I had largely forgotten about the fish when the time for the boat ride approached. Much to the delight of me and my siblings we all piled in for the ride of our lives. There were no roads on the roof of the fish's house as we darted this way and that visiting the large white house on the opposite shore and envying the pipe that my uncle hung from his mouth. When he gestured with his hand waving it by the bowl and extending his reach as he pointed I swooned and drew in staccato breaths of admiration. The clinking game would be so much more than I could ever have dreamed when I could drive and puff on a pipe of my own. I found myself wanting to be like him. In my heart, on that day, my sole desire was to be just like him. 

Once the boat pulled into the dock and my parents helped me and my brothers and sisters out onto its sturdy wood my eyes met his and he would not let my stare go. 

"Mark," he started laughing a bit. "Did you have fun?" 

"I did, Uncle Walt! That was the best boat ride ever." He laughed a contented man and began to walk away. 

"Uncle Walt?" Driven by my desire to be consumed by him I, even I, was shocked by my own boldness. No one ever saw me shy but addressing him without invitation was always a bit frightening even to me. "Can I wear your hat?"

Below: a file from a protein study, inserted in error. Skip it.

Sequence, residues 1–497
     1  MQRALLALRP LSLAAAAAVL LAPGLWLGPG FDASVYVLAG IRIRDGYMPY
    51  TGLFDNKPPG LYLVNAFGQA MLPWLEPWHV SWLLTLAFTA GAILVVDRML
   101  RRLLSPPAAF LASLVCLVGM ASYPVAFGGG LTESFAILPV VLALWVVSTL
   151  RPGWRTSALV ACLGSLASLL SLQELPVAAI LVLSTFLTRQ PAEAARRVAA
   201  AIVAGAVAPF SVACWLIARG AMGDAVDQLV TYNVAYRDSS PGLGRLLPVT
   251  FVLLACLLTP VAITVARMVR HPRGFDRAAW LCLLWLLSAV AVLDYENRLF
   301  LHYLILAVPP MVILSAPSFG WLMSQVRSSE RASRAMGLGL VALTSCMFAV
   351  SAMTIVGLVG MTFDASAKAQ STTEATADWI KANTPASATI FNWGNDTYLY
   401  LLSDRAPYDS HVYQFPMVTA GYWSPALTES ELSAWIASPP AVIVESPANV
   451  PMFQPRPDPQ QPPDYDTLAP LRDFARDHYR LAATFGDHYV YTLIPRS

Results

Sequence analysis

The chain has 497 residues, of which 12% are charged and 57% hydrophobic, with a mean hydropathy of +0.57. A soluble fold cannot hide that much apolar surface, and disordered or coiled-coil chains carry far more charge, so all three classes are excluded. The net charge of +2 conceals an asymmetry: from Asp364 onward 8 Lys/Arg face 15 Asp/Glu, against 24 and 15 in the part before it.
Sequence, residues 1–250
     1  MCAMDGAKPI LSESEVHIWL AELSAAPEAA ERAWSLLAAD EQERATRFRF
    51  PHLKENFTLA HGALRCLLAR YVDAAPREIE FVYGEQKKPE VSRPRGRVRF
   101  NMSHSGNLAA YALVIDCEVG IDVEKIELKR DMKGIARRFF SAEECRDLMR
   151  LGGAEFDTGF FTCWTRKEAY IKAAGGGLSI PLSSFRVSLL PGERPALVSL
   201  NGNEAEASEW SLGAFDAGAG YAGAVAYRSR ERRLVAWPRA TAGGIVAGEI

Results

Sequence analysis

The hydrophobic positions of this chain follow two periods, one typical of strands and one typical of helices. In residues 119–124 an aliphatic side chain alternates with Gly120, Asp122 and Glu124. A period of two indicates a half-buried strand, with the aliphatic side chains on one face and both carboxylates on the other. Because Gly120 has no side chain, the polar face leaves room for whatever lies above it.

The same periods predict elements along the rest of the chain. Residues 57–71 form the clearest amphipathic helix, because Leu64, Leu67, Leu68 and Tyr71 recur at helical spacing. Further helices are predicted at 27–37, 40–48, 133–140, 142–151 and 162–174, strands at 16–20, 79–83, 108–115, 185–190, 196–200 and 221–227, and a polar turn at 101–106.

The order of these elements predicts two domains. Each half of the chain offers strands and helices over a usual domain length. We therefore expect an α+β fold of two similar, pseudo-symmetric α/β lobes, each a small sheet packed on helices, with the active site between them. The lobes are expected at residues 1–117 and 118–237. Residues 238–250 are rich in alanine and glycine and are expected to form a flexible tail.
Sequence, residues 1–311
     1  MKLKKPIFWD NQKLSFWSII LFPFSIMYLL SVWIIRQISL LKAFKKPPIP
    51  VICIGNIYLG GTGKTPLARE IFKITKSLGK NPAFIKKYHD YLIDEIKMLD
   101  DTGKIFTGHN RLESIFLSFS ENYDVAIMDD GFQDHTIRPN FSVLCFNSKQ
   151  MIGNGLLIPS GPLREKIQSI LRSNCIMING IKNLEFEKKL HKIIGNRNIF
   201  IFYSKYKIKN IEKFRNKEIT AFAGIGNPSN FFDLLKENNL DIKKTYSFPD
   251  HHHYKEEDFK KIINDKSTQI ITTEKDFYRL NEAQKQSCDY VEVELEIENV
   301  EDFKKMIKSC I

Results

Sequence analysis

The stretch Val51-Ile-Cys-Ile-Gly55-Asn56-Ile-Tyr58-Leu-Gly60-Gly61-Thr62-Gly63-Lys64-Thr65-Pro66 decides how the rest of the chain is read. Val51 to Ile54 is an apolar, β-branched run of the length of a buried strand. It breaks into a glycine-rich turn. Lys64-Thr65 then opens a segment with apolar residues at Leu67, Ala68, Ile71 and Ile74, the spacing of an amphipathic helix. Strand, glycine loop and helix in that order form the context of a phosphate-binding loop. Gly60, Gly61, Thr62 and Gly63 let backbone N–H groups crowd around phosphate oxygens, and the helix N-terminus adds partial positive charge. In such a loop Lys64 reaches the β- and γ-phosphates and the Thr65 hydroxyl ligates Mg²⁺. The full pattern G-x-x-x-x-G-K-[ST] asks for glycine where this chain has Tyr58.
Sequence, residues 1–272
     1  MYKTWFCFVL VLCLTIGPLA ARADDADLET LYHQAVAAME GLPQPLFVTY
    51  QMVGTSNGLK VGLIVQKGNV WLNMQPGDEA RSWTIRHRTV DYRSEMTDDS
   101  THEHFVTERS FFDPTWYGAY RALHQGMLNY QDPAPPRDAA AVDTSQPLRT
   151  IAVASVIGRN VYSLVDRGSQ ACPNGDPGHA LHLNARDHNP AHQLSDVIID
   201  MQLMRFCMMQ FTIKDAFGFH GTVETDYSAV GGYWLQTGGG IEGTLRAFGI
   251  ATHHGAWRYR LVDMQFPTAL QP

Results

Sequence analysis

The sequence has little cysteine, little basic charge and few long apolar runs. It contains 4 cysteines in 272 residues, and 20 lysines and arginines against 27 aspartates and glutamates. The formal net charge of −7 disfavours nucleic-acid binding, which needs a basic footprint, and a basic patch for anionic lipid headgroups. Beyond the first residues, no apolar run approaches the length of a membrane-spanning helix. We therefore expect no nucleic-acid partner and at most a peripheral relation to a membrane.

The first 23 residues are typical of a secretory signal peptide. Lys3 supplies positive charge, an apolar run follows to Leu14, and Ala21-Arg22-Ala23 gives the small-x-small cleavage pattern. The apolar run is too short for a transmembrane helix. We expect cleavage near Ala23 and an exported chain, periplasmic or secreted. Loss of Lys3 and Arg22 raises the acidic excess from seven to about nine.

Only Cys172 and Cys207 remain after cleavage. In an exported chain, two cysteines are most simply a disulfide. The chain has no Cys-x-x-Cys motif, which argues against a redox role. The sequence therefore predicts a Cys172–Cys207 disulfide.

His back still towards me he stopped, cocked his head in what I know now was a bit of confusion, and turned to me. "You mean this old, faded, sweaty thing? This one filled with hooks and flies?" He pointed to it with the tip of his pipe which fueled my longing all the more.  

"Yes!" I said sensing that he was going to grant my request. "Yes! That one!" My heart raced in excitement and anticipation in the fact that he had not rejected my request straight away. 

"It's full of sharp things and your mom and dad will kill me....but....ah what the hell." He reached up and removed it from his head. He gave it a gentle shake and carefully placed it on my head pulling it to one side. It fit remarkably well and he seemed to admire it on me. "I can't say that I have ever seen it from this angle before," he laughed. "Now don't go running your fingers through it or those hooks will be a lot harder to get out than they went in."  

"I won't!" I said through my smile and almost crying tears of happiness. I ran to show my brothers and sisters looking forward to their jealous faces. I dared not ask him for his pipe. If I had the transformation would have been complete. I would have put on his skin and felt the beating of his heart. I would know why my teeth were stained and how my throat would feel to laugh so deeply ending it with a cough. Yet, as shallow as it was I had traversed the valley, my Rubicon, and had been inserted into this place a fisherman. became the one who filled the lake and lit the fireflies at night. As sure as I breathed I became the one who brought the waves and chose the fish to catch and eat. Of course I was none of those things but I was all of those things. I was everything I needed. I was.